Implementing the IOM Future of Nursing Report Part I: How to Dramatically Increase the Formal Education of America s Nursing Workforce by 2020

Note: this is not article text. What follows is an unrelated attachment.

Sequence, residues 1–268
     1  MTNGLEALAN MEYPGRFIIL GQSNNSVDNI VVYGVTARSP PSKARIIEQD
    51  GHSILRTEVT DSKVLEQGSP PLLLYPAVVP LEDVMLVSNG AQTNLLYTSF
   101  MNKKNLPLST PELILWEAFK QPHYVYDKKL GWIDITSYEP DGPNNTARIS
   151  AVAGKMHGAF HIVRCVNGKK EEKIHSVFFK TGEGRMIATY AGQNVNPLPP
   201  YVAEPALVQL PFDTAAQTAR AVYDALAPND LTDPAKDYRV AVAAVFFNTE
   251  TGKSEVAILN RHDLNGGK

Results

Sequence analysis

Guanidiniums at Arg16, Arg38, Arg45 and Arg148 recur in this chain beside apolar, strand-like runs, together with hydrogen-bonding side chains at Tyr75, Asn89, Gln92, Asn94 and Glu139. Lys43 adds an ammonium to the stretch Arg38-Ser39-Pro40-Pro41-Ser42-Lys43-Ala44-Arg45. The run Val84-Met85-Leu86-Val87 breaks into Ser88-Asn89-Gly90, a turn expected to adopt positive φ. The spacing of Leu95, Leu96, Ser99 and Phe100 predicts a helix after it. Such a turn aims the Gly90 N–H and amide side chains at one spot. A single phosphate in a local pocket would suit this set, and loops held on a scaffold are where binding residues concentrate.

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1 Charting Nursing s!"#"$% Reports on Policies That A Publication of the Robert Wood Johnson Foundation Can Transform Patient Care Implementing the IOM Future of Nursing Report Part I: How to Dramatically Increase the Formal Education of America s Nursing Workforce by 2020 AUG In October 2010, the Robert Wood Johnson Foundation (RWJF) and the Institute of Medicine (IOM) jointly released The Future of Nursing: Leading Change, Advancing Health, calling it a blueprint for transforming the American health system by strengthening nursing care and better preparing nurses to help lead reform. This issue begins a four-part miniseries on the report, digesting its educational progression recommendations and offering an early look at how key players are responding. The report calls for increasing the percentage of nurses holding the bachelor of science in nursing (BSN) degree or higher to 80 and for doubling doctorates by This will require fundamental changes: new competencybased curricula; seamless educational progression; more funding for accelerated programs, educational capacity building, and student diversity; and stronger employer incentives to spur progression. Figure 1 Highest Academic Nursing Degree Held by Working Nurses Degrees Diploma Associate Bachelor s Master s Doctorate Percent Distribution.4% 13.3% 10% 38.7% 37.6% 0% 25% 50% To achieve both IOM educational progression metrics, at least 760,000 additional nurses must earn at least a BSN (or BS). An additional 24,147 must earn a doctorate by 2020, according to the American Association of Colleges of Nursing. Degrees earned by both new nurses and working nurses returning to school count toward the metrics. Source: Adapted from data provided by the Health Resources and Services Administration (HRSA) from its 2008 National Sample Survey of Registered Nurses. The display reflects RNs working as nurses, not all RN license holders, many of whom are retired or working in other fields. Issue Number 16 Page A Call to Concerted Action 2 IOM Recommendations at a Glance 2 How to Achieve 80 by 20 3 Create Seamless Pathways 3 Enhance Employer Incentives 4 Fund BSN Capacity Expansion 4 Profiles in Leadership 4 A Model Employer Incentive Program 5 Up Accelerated Program Funding 5 Enhance Diversity 6 How to Double Doctorates by Increase Graduate Admissions 7 Up Accelerated Program Funding 7 Improve Faculty Compensation 8 The Value of Accelerated Programs The nursing student pictured on the right checking the heart sounds of a young patient is enrolled with scholarship support in New Careers in Nursing, an accelerated second-degree BSN and master s of science in nursing (MSN) program funded by RWJF and administered by the American Association of Colleges of Nursing (AACN). For more, see New Careers, page 5. Second-degree accelerated programs are a gift to nursing, say experts, because they are attracting students with mature professional goals and rich backgrounds from other disciplines as well as sharply reducing time spent in school. They are also enrolling more men than many conventional nursing programs and thus are helping to overcome the significant underrepresentation of men in nursing. The IOM report calls on public and private funders to increase funding for expedited degree programs to help raise current workforce educational levels (see Figure 1) significantly by Photo: Texas Tech University Health Science Center